“Would you care to enlighten me, Sesshoumaru, as to what exactly this was about?” She dropped the smoldering evidence in front of him. Tendrils of smoke curled up from it.
“…No. I would not care to.”
The glare she leveled at him could have melted glaciers. “It was a rhetorical question.”
“It was an honest answer.”
“Oooh! Sesshoumaru!” Kagome stomped her foot, fuming. “I think I deserve a little explanation for this!” Her pitch hiked up a few notches as she swung an accusing finger at the mangled heap. “Just what am I supposed to tell my professor? ‘The dog ate my homework?’”
Sesshoumaru blinked. Then blinked again, brow creasing at the unfamiliar expression. “I did not eat it,” he defended, uncertainly.
“No, you didn’t. You—you—you melted it!” She threw her hands in the air. “And you didn’t stop there! You melted my calculator! You melted my pen! You melted my textbook! You melted a hole in my desk!“ Kagome waved the scorched shreds of paper in front of his nose. “And then—then!—you tried to bury the evidence in the backyard!”
“Evidently, I did not do an effective job of it,” the demon muttered.
“That’s not the point!” This was giving her a headache. She’d passed out at her desk, and when she woke, she’d found her unfinished homework was not only missing, it had been…annihilated. Ignited in a pyre of corrosive acid. Utterly obliterated. And now he wouldn’t talk?
For some reason he was refusing to look at her, his mouth set in a grim line, and Kagome sighed. “Sesshoumaru,” she said, voice softening, “Please. I have been up all night every night for weeks. I haven’t slept in days. What on earth possessed you to do this?”
He gave an aloof shrug. “You hate math. I hate things you hate. I kill things I hate.”
“You have said many times that you wished to destroy your texts.”
“Sesshoumaru.” He was still being evasive. “Please?”
For a long minute the demon looked at her. Then he slowly stood, unfolding to his full impressive height. “You wish to know why I did it?” he asked.
“Yes, I would.” She folded her arms.
Something steely glinted in his eyes. Then he blurred before her, and Kagome squeaked as she was lifted into the air. “Because,” he declared, flipping her over his shoulder, “you are exhausted, and miserable, and unhappy, and this Sesshoumaru will not stand for it any longer.” He began marching upstairs.
“Sesshoumaru! You can’t just—argh!“ Kagome wriggled and kicked, but his grip was like iron. “Where are you taking me?”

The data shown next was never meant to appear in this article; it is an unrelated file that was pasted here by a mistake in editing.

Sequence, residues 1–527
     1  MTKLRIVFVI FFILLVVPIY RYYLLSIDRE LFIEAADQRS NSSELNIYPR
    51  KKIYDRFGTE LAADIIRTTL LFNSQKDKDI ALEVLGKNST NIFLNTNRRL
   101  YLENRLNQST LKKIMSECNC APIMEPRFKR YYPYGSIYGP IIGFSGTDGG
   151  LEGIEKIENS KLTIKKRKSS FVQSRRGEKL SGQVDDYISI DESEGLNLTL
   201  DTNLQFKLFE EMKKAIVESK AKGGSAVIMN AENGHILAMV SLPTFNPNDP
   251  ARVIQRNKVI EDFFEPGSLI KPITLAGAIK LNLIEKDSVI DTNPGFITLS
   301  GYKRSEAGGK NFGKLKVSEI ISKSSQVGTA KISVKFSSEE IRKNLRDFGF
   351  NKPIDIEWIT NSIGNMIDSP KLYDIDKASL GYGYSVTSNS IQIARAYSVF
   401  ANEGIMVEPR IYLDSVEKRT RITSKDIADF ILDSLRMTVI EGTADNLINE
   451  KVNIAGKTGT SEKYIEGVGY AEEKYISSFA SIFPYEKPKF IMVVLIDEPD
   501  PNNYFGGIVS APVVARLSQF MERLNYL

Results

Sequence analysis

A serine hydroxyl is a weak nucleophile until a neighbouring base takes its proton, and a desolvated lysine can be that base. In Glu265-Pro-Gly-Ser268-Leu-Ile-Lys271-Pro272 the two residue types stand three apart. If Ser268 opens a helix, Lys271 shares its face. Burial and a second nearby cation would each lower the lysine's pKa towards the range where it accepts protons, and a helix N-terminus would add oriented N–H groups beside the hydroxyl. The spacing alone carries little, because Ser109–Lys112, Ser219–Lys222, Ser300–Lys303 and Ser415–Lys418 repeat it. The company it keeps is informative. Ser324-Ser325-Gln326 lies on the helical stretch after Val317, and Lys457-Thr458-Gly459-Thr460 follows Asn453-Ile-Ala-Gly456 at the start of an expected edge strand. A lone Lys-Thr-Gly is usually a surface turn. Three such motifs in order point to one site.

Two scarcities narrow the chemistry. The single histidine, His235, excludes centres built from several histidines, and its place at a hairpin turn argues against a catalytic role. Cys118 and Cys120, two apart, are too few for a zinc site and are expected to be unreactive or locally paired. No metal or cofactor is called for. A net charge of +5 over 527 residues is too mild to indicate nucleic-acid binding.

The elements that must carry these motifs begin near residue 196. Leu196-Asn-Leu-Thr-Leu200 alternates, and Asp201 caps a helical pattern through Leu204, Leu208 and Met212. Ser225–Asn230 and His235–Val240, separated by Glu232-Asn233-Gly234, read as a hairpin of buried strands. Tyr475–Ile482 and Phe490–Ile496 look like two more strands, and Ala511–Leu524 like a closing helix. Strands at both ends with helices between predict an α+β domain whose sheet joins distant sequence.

“You are going to bed.”
“But I have to finish my—“
“You are going to bed.”
“But it’ll be late!” she protested.
The world spun as he set her on her feet and shook her by the shoulders. “Then it will be late.” The look in his eyes finally silenced her. Amidst the frustration and exasperation was a hint of resignation and…concern? Was he…was he worried about her?
All her anger bled away.
What must it be like, she wondered suddenly, for someone who can literally smell stress? Seeing her torture herself like this every day, for reasons he didn’t understand?
Sure, battling in the feudal era was rather stressful too, but that was a stress that made sense to him. Stressing over silly petty things like homework must seem, in his eyes, like sheer self-abuse.
Kagome crumbled. He was taking care of her the only way he knew how. Even knowing she’d yell at him for it. And play-fighting aside, deep down she knew he was just like every other dog: he was like a kicked puppy when he got scolded.
But he'd acted anyway, because he was worried, and now he looked just as exhausted and miserable and unhappy as she felt.
There was only one way to fix this.
“Can I at least use you as a pillow?” she asked, timidly.
He gave her his most heart-stopping smile and Kagome swore she might just never do homework again.
“Promise me one thing, though,” she said as he scooped her back up.
"Don't ever do that again." She snuggled into his hair and yawned. "But, if you do, you have to let me watch it burn."